Underrated movies can take many different forms, and the 2015 film "Son of Saul," though Oscar Award-winning, has never gotten the appreciation it deserves. Winner of Best Foreign Film, it's garnered acclaim for its thoughtful approach to the brutal inhumanity that occurred in concentration camps during the Holocaust. An impressive debut from Hungarian filmmaker Nemes László, it starred Géza Röhrig, Levente Molnár, and Urs Rechn, and tells a focused story about a single day in the life of Saul Auslander (Röhrig), a Jewish-Hungarian man held in Auschwitz during World War II. 

Brought into the service of the Sonderkommando — a slave labor unit within the concentration camp — he is forced to assist the Nazis in the transport of the dead from the camp and looting their bodies of valuables. But when Saul discovers a young boy murdered, he sets out to make sure the child is given a proper Jewish burial. Obsessed with finding a Rabbi to perform the ceremony, Saul joins a group of prisoners in a plot to overthrow their Nazi captors in the hopes that one of them can help.

At times uncomfortable to watch, "Son of Saul" forces viewers to confront the harsh realities of the war that many to this day still fail to truly grasp. Uncompromising in its starkness, the critical consensus on review aggregator Rotten Tomatoes called it "Grimly intense yet thoroughly rewarding ... an unforgettable viewing experience."

Yellow Birds

Never given a proper wide release in theaters, the 2017 film "The Yellow Birds" might be the quintessential underrated war movie. Not just because it's not as talked-about as the greats, but because it's universally agreed to be among them; it was given a tremendous response when it screened at the prestigious Sundance Film Festival, and yet almost nobody knows it even exists. Relegated to streaming for its ultimate release (per Deadline), it flew under most people's radar despite an all-star cast that included up-and-coming actor Alden Ehrenreich ("Solo: A Star Wars Story"), Tye Sheridan ("Ready Player One") and Jennifer Aniston ("Friends").

A closer look into the lives of soldiers that goes beyond their wartime service, "The Yellow Birds" follows two childhood best friends named John Bartle and Daniel Murphy (Ehrenreich and Sheridan) who both enlist together during the tumultuous years of the second Iraq War. Their close relationship extends beyond just themselves, with Bartle promising Murphy's mother (Aniston) that he'll look out for her son. But when they arrive for their tour of duty their commanding officer, the emotionally troubled Sergeant Sterling (Jack Huston) — who struggles with the pressures of combat — makes the job more challenging than either of them expected.

A winner at Sundance, critics were predicting big things for the film, but it was sadly lost thanks to its lack of a major cinematic release.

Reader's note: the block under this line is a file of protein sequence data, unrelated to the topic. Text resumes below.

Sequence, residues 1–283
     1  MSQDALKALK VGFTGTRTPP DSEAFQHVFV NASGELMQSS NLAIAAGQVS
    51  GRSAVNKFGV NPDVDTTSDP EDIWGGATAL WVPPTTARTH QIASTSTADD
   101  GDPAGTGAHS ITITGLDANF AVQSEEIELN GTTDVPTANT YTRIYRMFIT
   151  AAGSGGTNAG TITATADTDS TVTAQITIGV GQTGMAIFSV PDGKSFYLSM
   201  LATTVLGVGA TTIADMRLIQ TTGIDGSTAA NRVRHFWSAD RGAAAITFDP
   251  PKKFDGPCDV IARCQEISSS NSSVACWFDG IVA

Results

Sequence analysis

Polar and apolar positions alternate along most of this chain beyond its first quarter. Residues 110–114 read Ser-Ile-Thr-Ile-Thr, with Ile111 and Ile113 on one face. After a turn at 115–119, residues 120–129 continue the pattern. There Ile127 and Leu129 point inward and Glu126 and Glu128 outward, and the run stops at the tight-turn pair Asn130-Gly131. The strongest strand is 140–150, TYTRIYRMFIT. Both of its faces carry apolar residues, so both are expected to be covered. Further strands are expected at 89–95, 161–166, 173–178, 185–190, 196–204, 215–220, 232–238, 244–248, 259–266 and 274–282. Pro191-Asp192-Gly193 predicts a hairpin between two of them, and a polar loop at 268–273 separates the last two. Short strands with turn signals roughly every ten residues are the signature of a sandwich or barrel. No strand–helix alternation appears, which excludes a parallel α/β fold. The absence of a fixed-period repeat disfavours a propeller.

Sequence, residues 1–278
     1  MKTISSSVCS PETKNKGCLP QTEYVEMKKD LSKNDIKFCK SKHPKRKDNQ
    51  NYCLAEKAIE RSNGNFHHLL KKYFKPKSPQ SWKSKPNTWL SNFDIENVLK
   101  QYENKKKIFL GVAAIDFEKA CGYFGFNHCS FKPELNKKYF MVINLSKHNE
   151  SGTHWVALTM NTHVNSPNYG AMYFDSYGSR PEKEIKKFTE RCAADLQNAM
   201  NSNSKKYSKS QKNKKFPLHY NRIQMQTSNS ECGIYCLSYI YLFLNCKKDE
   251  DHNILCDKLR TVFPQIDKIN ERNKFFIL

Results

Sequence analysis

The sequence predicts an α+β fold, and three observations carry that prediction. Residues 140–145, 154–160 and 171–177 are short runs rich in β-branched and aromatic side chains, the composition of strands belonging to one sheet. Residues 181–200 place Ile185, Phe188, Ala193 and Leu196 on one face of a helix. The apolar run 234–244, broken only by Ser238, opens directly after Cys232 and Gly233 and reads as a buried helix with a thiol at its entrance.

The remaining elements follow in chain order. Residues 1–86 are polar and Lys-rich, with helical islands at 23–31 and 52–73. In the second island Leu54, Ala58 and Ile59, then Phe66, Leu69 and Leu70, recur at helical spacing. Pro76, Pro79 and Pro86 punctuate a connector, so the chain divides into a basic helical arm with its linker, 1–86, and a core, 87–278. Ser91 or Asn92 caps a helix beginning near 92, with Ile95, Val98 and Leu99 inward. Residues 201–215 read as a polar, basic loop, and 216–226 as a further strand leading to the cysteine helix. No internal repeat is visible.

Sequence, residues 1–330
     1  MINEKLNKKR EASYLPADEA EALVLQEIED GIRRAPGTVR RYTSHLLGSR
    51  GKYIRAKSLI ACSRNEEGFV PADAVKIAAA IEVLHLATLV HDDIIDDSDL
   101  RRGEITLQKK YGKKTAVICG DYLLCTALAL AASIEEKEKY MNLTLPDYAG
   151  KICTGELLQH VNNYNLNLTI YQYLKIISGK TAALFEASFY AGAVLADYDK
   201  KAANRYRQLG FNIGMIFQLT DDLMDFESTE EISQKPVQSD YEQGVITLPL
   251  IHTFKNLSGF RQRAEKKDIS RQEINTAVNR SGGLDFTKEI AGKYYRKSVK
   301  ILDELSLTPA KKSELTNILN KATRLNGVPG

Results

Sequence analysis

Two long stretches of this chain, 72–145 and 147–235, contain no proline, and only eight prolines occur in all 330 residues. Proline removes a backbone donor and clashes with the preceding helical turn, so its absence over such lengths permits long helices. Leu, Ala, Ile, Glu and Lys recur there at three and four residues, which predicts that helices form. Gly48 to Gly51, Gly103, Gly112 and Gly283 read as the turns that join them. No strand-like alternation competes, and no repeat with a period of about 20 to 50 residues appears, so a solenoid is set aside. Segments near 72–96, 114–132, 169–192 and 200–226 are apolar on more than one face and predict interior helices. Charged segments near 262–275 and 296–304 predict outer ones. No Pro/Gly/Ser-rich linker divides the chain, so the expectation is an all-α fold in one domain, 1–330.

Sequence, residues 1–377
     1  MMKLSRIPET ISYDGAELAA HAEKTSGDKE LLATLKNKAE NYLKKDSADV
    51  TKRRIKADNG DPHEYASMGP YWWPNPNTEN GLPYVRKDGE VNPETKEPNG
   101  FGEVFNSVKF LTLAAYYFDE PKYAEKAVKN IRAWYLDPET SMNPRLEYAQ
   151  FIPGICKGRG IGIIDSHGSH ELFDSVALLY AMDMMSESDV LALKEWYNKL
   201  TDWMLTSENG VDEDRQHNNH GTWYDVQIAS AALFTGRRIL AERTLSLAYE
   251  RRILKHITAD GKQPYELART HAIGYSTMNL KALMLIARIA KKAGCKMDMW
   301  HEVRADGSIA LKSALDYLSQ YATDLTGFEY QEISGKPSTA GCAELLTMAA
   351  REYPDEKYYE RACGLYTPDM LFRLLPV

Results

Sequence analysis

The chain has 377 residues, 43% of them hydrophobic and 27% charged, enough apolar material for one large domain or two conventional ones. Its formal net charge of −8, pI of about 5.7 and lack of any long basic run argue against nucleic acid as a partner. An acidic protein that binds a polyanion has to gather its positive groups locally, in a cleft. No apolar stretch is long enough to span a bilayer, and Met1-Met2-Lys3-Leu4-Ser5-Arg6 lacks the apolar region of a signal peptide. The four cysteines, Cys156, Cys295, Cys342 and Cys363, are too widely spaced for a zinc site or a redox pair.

The Admiral: Roaring Currents

We could make an entire list of underrated war movies out of Korea, but we'd be remiss if we didn't include at least one in this broader collection of under-appreciated films. On that note, we'll introduce you to the 2014 movie "The Admiral: Warring Currents" which gives us not just one of the best Korean war movies in recent years, but one centered on one of the most incredible conflicts in the nation's history. 

Venturing into the sub-genre of naval war movies, the film dramatizes the Battle of Myeongnyang, fought between Korea and Japan in the 16th century. It saw the decimated Korean naval fleet — consisting of less than 15 vessels — hold off more than 130 Japanese warships in the Myeongnyang Strait in a conflict that compares to the more well-known Battle of Thermopylae, made famous in the blockbuster "300." Not as stylized as Zack Snyder's ancient war movie, "The Admiral" stars Choi Min-sik ("Oldboy") as Admiral Yi Sun-sin, the legendary naval general whose military genius helped his homeland defeat the vaunted Japanese armies in the Imjin War.

More than just naval tactics and big battle scenes "The Admiral" shows how Sun-sin kept his troops fighting despite growing despair, even surviving an assassination attempt by officers who wanted to flee. A massive hit in its native South Korea, it saw little attention stateside, earning itself underrated status in the West.

The Catcher Was a Spy

We're not sure how this one slipped under the radar in 2018, what with it starring Hollywood golden boy and recent addition to Marvel's cinematic universe Paul Rudd, but "The Catcher Was a Spy" is perhaps the most captivating underrated entry on this list. Set during World War II when many big league baseball players were off fighting in the war — a situation that spurred the rise of women's baseball in fact — there was at least one who contributed in the most unimaginable way possible: Red Sox slugger Moe Berg.

A journeyman catcher who'd played for several teams already, his amateur filming of Japanese naval yards while overseas in 1936 for an exhibition game got him noticed by U.S. intelligence. Years later, Berg is officially recruited for war time service, but not as a soldier on the front lines. Instead, Berg joins the big league secret agents, enlisted for a clandestine mission to track down a German scientist who is working on his country's own nuclear bomb. Smuggled into Italy the all-star ballplayer is thrust into the unfamiliar world of high stakes espionage, but proves himself a solid pinch hitter.

With a star cast and a fascinating story based on a true story, "The Catcher is a Spy" will put you in the stands with Rudd's charismatic presence and its engrossing spy action will keep you cheering till the final out.